CityWatch, Oct 23, 2009
Vol 7 Issue 87
Artist Diane Meyer challenges the primacy of LA's auto-centric transportation system and puts the spotlight on the "alternative" element with her 18th Street exhibit "Without A Car in the World" (100 Car-less Angelinos Tell Stories of Living in Los Angeles). Pairing beautiful lifestyle portraits with poignant and pithy interviews, Meyer brings to life the wide variety of subjects, ranging from the idealists who eschew the automobile as part of a lifestyle commitment to those who live car-free lives because of economic, legal, and health limitations.
The timing of "Without a Car in the World" is especially relevant, coming on the heels of Mayor Villaraigosa's legacy battle for a regional transportation plan that has communities throughout the county fighting over projects and funding, and engaging in parochial high-altitude bombing, all claiming to represent the "common man" but demonstrating at every turn a commitment to representing those who already have the freedom of choice.
Meyer's show features the invisible constituency, the 30% of LA's population who have no choice, who will never show up at a High Speed Rail press conference and who will never travel to One Gateway Plaza to address the Metro Board with 60 seconds of public comment. Instead, their stories are told on the gallery walls of a Westside gallery, 18th Street Arts Center, one with a great reputation for stirring the public discourse and featuring art that engages the community.
My wife Enci and I were honored to be selected as subjects and we rode our bikes to the opening of the show, pedaling over with a couple of friends who were also featured.
For a while, it seemed like a family reunion, there were so many friends from so many walks of life and from all over Los Angeles. But slowly the "glow" wore off and our focus moved to the subjects that we didn't recognize, the "invisible" Angelenos who travel quietly and patiently, simply attempting to get home safely to their families each night.
Just to the left of our portrait, right in the center of the gallery, hung a picture of three men, day-laborers, who tell of getting picked up for work, transported to a strange neighborhood where they toil for long hours, getting paid in cash and then having to figure out their way home, late at night, strangers in a strange land!
A blind man tells of sitting on the bus bench, listening to the pitch of the oncoming engines, rising to meet every bus, never knowing which one is his and always wondering about the ones that don't stop.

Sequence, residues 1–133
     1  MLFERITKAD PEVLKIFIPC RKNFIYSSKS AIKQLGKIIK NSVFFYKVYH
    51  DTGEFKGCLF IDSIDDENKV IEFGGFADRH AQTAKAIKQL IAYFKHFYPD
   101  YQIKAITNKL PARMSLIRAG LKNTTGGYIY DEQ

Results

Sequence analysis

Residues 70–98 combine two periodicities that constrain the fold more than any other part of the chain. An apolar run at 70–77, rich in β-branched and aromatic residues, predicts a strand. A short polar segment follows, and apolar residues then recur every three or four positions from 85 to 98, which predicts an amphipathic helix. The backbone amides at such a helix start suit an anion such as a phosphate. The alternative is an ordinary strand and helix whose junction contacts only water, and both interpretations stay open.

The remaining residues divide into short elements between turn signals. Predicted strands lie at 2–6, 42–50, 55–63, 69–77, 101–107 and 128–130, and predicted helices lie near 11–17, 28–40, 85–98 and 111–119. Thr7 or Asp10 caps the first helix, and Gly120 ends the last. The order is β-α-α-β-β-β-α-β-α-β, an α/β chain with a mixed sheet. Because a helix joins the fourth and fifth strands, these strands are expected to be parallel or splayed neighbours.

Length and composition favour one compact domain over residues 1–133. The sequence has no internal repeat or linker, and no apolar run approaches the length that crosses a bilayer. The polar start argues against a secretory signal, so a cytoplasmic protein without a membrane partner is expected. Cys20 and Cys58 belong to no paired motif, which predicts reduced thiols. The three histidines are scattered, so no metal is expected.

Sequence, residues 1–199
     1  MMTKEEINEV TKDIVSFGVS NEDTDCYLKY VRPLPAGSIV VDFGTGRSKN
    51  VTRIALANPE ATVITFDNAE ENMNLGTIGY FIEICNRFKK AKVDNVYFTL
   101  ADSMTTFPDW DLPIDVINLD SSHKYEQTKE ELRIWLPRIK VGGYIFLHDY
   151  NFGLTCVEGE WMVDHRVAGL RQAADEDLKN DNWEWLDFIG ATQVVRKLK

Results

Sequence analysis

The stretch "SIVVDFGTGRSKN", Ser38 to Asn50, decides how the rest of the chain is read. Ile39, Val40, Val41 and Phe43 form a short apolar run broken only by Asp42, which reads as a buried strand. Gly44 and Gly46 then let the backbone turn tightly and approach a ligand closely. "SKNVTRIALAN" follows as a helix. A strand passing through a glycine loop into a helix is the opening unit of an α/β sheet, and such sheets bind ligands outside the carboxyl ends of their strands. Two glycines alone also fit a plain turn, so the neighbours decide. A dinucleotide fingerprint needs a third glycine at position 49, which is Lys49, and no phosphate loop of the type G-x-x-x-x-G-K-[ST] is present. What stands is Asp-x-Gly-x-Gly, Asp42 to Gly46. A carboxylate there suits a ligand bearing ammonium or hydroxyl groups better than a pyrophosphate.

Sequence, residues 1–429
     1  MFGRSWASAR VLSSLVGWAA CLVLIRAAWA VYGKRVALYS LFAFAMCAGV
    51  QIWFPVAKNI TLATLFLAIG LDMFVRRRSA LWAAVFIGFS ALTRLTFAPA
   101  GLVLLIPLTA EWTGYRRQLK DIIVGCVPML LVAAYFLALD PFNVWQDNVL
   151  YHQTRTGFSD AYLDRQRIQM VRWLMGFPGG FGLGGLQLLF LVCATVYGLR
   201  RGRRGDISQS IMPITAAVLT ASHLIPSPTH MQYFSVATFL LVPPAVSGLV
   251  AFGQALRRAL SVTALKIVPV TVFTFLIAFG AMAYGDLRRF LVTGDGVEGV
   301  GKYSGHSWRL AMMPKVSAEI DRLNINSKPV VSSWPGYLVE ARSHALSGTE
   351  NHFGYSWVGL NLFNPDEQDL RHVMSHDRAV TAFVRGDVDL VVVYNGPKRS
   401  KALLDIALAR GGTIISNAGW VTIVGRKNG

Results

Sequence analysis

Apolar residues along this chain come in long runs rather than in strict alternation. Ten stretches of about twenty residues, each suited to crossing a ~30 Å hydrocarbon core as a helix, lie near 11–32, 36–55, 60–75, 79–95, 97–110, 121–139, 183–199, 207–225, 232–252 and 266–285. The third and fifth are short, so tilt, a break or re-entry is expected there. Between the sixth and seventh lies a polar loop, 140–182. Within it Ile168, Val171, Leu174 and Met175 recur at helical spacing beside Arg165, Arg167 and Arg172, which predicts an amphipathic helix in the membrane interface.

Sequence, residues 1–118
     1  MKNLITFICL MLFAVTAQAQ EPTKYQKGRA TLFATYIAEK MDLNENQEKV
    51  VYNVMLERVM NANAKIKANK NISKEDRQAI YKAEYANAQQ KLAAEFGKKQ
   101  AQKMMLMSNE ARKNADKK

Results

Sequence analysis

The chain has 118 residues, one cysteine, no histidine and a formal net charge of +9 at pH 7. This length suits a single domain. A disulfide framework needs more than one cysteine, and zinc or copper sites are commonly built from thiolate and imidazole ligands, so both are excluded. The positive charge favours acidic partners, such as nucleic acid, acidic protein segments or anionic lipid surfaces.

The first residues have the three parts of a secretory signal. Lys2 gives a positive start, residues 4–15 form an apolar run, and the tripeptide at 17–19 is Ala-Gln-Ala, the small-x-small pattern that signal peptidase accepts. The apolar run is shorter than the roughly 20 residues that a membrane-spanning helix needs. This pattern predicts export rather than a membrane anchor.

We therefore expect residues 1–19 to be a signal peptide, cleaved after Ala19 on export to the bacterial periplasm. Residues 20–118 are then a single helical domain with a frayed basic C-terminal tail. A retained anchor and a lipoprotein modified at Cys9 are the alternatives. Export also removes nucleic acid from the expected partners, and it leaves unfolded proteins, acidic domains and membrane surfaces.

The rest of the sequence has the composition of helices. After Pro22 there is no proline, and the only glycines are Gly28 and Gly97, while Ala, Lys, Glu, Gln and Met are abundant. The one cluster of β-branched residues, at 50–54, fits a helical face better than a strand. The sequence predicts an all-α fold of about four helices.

A man in a wheelchair boasts of his intimate knowledge of sidewalks and curbcuts and his ability to get around, never in a direct line but navigating the obstacles that the average person simply steps over and ignores.
Balancing it out are stories of a skateboarder who tears up shoes but loves to skate everywhere, cyclists who celebrate the freedom of riding the mean streets of Los Angeles and social creatures who thrive on the camaraderie found on mass transit.
Urban planners and social scientists smile as they take the high road, positioning their small footsteps as the beginnings of the impending transportation revolution. Some spoke of their transportation choices as simple economic decisions based on priorities that favored tuition and family over autos while others used mass transit and bragged of the work they were able to complete while commuting.
But the story that established the baseline against which the success of LA's transportation system must be judged was told by a gentlemen who simply explained "I'm on the bus six, seven hours a day. MTA doesn't see what we see, they need to come from behind the desk, take a two or three day trip, get on all the buses, see how they aren't on schedule, they're always crowded ..."
When we arrived at the opening of the show, we were honored, but by the end of the evening, we were humbled.
Enci and I ride bikes in LA because we choose to ride, we "Storm the Bastille" and we celebrate our freedom and we lay claim to the streets, reveling in the growing numbers of cyclists who often share the "See you on the Streets!" greeting that has become our battle cry.
But after meeting so many people who walk, roll, pedal and use mass transit simply because they have no other choice, I realize that we also ride for those who can't attend the Pedestrian Advisory Committee or the Bike Plan Workshop or the Metro Board hearings.
We ride for the significant number of Angelenos who have no choice, who have no voice and who represent the failure of LA's Transportation System.
LA's weakest and most vulnerable community members live in fear, sometimes unable to simply cross the street. If LA is to become a Great City, it will start with a commitment to mobility as a civil right, a basic guarantee of effective transportation choices that extends to everybody.
Until then, Los Angeles is simply a city under siege.
Without A Car in the World
continues through December 11.
18th Street Arts Center
1639 18th Street
Santa Monica, CA 90404
(Stephen Box is a transportation and cyclist advocate and writes for CityWatch. He can be reached at Stephen@thirdeyecreative.net) ◘